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“Dunk of China” MVP Zhang Ning Wants to Change the Face of Chinese Basketball

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Zhang Ning is not your average Chinese basketball player.

At only 21, the Hebei native has already been crowned MVP of Youku hit TV show Dunk of China’s inaugural season, showered in praise from the Mainland’s most famous celebrities, and turned Peking University (PKU) into the dominant force in the Chinese University Basketball Association (CUBA), along with partner-in-crime and longtime friend, Zhu Mingzhen.

Zhang is known for being both a shooter and an aggressive driver — a lethal combination, one that streetball veterans like Shanghai native HotDog (热狗), who was completely torched by Zhang in Dunk of China’s first episode, found impossible to guard.

Now finishing his junior year, Zhang is doing anything but patting himself on the back for mingling with China’s biggest basketball and entertainment icons. Unwilling to sit on the bench of a Chinese Basketball Association (CBA) team, he is determined to put a foot in the United States, even if only to then return home and become a dominant player in the CBA.

This is exactly what 22-year-old Xinjiang Flying Tigers bench player Abudushalumu “Abu” Abudurexiti did last summer. Wrangling a spot on the Golden State Warriors Summer League roster, he became the first ethnic Uyghur basketball player to get a taste of NBA action.

While Abu’s measly averages are not even worth mentioning, that one month in the US propelled the player to his best CBA season ever. Zhang now dreams of being the next in line to suit up for an NBA team.

During RADII’s sit-down with one of Chinese basketball’s top prospects, Zhang talks about the differences between streetball and associated basketball, the pressures facing the thousands of Chinese youth who hope to play in the CBA, and gives an honest opinion on what’s holding Chinese basketball from following the Chinese economy in closing the seemingly insurmountable gap with its American counterpart.

How did you fall in love with basketball?

I was always the hyperactive kid in my class. Teachers would often talk about how naughty I was, which is fair enough — I liked fooling around with my classmates, fighting and what not, as well as just collision in general [laughs].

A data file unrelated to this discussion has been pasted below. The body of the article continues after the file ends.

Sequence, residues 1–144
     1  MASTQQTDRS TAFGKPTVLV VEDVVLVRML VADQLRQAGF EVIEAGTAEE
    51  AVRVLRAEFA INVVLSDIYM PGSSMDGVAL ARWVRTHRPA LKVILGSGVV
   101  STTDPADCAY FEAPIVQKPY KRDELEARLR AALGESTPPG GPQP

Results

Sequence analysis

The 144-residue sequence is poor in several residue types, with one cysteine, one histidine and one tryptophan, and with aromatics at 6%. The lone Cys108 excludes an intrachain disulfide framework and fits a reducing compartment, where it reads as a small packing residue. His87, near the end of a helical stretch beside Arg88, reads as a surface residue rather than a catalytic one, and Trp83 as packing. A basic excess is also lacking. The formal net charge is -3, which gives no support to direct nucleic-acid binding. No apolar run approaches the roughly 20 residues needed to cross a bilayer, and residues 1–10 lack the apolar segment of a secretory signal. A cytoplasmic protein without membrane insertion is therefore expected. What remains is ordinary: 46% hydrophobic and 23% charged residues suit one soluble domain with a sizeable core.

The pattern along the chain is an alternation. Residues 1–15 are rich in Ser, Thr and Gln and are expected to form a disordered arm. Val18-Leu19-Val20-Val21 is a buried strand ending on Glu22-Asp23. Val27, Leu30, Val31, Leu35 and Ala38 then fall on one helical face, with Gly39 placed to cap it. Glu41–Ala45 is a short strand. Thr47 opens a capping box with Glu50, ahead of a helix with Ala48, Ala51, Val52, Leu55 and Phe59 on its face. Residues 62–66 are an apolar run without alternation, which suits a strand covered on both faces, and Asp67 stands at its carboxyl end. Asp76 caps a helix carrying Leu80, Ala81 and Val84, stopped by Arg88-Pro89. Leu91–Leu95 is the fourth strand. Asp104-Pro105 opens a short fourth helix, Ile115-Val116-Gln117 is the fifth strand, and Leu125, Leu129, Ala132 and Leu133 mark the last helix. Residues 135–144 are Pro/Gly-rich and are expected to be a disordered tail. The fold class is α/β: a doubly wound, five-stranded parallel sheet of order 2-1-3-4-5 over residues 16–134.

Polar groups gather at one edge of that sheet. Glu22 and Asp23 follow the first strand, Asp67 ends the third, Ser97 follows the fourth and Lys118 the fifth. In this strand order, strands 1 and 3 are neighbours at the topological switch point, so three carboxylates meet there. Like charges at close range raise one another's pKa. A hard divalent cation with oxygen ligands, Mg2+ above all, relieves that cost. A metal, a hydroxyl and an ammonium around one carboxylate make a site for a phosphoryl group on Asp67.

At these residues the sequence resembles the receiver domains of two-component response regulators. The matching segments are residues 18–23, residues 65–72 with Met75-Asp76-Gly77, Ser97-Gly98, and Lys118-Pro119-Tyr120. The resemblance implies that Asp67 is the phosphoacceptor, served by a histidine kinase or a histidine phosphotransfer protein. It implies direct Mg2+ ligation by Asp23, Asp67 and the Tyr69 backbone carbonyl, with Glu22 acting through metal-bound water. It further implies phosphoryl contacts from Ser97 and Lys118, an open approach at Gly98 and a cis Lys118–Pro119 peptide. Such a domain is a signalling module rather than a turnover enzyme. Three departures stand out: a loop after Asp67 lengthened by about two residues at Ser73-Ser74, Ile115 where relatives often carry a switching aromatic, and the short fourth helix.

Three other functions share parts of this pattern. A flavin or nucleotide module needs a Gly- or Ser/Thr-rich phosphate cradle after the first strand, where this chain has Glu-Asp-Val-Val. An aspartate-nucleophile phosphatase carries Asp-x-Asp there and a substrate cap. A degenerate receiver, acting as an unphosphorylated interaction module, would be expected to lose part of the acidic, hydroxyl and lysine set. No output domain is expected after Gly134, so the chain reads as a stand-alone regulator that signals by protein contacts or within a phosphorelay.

One defining moment was when I was still in third grade. My mother bought me a burgundy basketball uniform, and when my friends saw me wear it, they said, “That’s the uniform of the Cleveland Cavaliers!” I had never heard of the Cavaliers before. But that led me to discover the NBA, start watching games, and basically become a LeBron [James] fan.

I think my playing style may have even been subconsciously influenced by LeBron’s physical style. Nowadays, LeBron is still my favorite player, Chinese or otherwise.

How did you start thinking of basketball as a career?

Once I got to high school, my parents had to start thinking about university and all that stuff. At the time, I wasn’t the most intellectual of kids — not because I was stupid, but more because I was already passionate about basketball and investing most of my time into it.

Realizing where my interests lay, my parents took me around the province to see what different people thought of my skills. After a PE teacher close to our parents told them I was very talented, they found the coach of Shijiazhuang High School, the best high school for basketball in Hebei province. He liked me, but because I’d never trained formally, my fundamentals were non-existent, so I re-did my first year of high school and that’s where I started to become a player that university scouts found interesting.

After the top universities began to recruit me, I started to think about going to Tsinghua and PKU. At the time, I was also playing against high school kids who were in youth teams. I felt my level was similar to theirs, so it made me think I had what it took to make the CBA after university.

After I started university, my objectives were pretty clear. While my teammates who don’t want to play for the CBA spend most of their free time studying, most of my free time goes into training.

What’s the recruiting process like? How do coaches approach you?

They’ll promise things like, “If you come to my team I’ll guarantee you automatic entry into a postgraduate degree.” They’ll also promise one of three scholarship packages: if they really want you, they might give you 5,000RMB per month; 3,000RMB if you’re not that special; 2,000RMB if you’re just a role player. However, promises like the “automatic entry” still depends on your grades.

How did you get recruited by Peking University?

They usually just recruit one player that doesn’t need to take any tests so my hopes weren’t high, especially because the Gaokao score for Hebei PKU applicants is really high. Therefore, when I went to tryout with the PKU team as a high school senior I was actually pretty relaxed, plus I also thought, My basketball skills are better than the others, their grades are better mine, that’s all. I performed pretty well as a result, and that year PKU broke their rule and took in two players without looking at their grades.